Open-source software

Published on Sep 14, 2020

I've never really spent much time contributing to open-source software. When I launched the quick little Chrome extension I built a few days ago, I actually didn't even intend to make the GitHub repo public. To be honest, the code is pretty ugly and there's a handful of things in there I wasn't really proud of. I just wanted to ship something and get it out the door.

But then, someone commented on my Product Hunt launch asking if I was going to create a version for Firefox. Instead of ignoring it or forcing myself to do it when I didn't care to, I just made the repo public and welcomed anyone to take a jab at it.

Sure enough, the next day I got a pull request to link to the new Firefox extension that someone created (a fork of my repo). People who work in open-source are probably used to this kind of stuff happening, but this was a really cool moment for me and it made my day. I've been trying to be more public in many ways by writing what I think about here and on my newsletter and talking about what I'm working on on the /now page on my website. Writing open-source code seems like a natural extension of that.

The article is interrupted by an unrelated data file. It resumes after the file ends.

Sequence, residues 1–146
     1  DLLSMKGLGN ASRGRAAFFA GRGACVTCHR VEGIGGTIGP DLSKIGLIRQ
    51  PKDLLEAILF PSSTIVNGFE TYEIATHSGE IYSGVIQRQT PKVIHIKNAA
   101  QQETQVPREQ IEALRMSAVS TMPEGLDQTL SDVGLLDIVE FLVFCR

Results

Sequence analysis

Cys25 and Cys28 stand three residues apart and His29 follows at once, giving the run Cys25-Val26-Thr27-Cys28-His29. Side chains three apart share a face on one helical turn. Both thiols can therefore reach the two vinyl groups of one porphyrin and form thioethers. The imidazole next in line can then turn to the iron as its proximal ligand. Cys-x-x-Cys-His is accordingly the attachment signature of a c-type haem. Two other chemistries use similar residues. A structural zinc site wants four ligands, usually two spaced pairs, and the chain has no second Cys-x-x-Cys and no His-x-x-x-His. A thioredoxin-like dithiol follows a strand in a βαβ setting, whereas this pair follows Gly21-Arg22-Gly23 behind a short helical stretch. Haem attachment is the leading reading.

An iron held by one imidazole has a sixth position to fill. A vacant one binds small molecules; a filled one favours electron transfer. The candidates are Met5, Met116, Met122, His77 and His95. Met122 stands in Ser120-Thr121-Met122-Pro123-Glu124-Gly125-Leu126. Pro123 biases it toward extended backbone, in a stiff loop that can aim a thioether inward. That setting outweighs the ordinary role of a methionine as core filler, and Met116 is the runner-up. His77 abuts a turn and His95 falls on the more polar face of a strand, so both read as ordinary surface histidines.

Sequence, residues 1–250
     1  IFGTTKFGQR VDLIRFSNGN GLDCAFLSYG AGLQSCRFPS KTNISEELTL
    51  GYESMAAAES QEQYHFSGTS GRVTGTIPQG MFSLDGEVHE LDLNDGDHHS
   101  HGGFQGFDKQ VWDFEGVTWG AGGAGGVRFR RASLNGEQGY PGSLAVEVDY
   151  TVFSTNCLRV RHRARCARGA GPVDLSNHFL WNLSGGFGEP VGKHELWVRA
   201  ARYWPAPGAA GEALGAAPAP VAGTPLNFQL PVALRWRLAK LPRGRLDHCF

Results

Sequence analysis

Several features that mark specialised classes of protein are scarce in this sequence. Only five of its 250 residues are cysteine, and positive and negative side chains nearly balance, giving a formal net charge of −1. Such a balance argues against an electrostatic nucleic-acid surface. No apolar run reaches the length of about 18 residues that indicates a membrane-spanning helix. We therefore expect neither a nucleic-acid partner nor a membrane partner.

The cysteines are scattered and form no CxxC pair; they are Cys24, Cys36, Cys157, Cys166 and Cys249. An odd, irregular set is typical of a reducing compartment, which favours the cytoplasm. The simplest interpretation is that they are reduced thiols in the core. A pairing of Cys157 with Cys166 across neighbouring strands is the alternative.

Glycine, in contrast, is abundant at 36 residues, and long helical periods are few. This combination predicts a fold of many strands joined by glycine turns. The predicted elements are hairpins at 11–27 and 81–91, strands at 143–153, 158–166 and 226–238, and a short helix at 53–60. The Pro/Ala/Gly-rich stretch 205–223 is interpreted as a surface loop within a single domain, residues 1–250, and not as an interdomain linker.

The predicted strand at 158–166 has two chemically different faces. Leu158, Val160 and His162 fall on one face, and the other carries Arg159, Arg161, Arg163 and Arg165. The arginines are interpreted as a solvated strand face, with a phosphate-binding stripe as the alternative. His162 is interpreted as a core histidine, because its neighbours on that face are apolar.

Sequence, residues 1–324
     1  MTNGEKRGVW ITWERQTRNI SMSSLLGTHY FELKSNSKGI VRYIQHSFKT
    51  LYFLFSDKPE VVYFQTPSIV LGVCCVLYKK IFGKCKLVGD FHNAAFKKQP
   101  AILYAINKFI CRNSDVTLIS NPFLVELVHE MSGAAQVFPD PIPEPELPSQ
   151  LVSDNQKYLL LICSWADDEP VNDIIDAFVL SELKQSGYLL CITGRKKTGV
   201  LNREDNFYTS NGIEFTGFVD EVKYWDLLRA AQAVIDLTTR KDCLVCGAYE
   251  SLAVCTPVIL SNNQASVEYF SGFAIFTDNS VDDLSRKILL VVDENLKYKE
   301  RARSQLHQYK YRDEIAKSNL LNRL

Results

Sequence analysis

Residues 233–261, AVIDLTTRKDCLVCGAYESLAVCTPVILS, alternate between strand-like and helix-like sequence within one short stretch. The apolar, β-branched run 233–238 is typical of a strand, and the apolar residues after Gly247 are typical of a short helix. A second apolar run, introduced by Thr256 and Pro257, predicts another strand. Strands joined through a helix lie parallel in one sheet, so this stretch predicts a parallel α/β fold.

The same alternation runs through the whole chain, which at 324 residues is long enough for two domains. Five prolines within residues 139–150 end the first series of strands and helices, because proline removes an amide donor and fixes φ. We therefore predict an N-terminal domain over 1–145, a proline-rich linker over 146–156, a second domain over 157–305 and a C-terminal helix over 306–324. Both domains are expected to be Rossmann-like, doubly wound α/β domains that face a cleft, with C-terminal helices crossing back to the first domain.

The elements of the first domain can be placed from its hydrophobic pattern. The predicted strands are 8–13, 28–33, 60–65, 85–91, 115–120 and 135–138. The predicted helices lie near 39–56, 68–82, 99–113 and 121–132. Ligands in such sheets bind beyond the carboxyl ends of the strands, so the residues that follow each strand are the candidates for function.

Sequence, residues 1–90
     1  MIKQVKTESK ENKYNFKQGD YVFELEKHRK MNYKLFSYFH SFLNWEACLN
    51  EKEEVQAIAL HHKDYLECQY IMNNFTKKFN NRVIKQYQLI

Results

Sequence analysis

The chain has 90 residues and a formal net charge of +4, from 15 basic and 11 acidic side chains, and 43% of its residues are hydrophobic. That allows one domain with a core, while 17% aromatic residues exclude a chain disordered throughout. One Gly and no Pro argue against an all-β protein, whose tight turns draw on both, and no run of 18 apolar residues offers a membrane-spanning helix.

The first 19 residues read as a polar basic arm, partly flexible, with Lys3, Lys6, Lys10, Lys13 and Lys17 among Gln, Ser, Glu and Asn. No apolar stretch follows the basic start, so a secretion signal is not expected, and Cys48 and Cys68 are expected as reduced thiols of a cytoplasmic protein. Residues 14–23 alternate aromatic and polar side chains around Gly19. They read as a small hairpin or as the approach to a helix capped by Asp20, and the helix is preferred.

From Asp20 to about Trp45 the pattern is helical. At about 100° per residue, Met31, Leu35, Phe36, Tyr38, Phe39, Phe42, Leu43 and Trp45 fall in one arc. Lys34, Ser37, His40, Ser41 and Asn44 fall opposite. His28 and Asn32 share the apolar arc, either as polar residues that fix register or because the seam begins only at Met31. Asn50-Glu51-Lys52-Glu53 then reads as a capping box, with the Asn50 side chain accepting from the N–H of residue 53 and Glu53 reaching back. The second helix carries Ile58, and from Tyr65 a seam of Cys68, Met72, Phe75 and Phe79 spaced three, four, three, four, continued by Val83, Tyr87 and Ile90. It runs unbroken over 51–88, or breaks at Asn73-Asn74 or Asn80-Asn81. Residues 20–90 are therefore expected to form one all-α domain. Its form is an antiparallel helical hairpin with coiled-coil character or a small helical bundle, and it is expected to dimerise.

I've been thinking about how this is a proof-of-work of things I've done in the past for future friends and employers.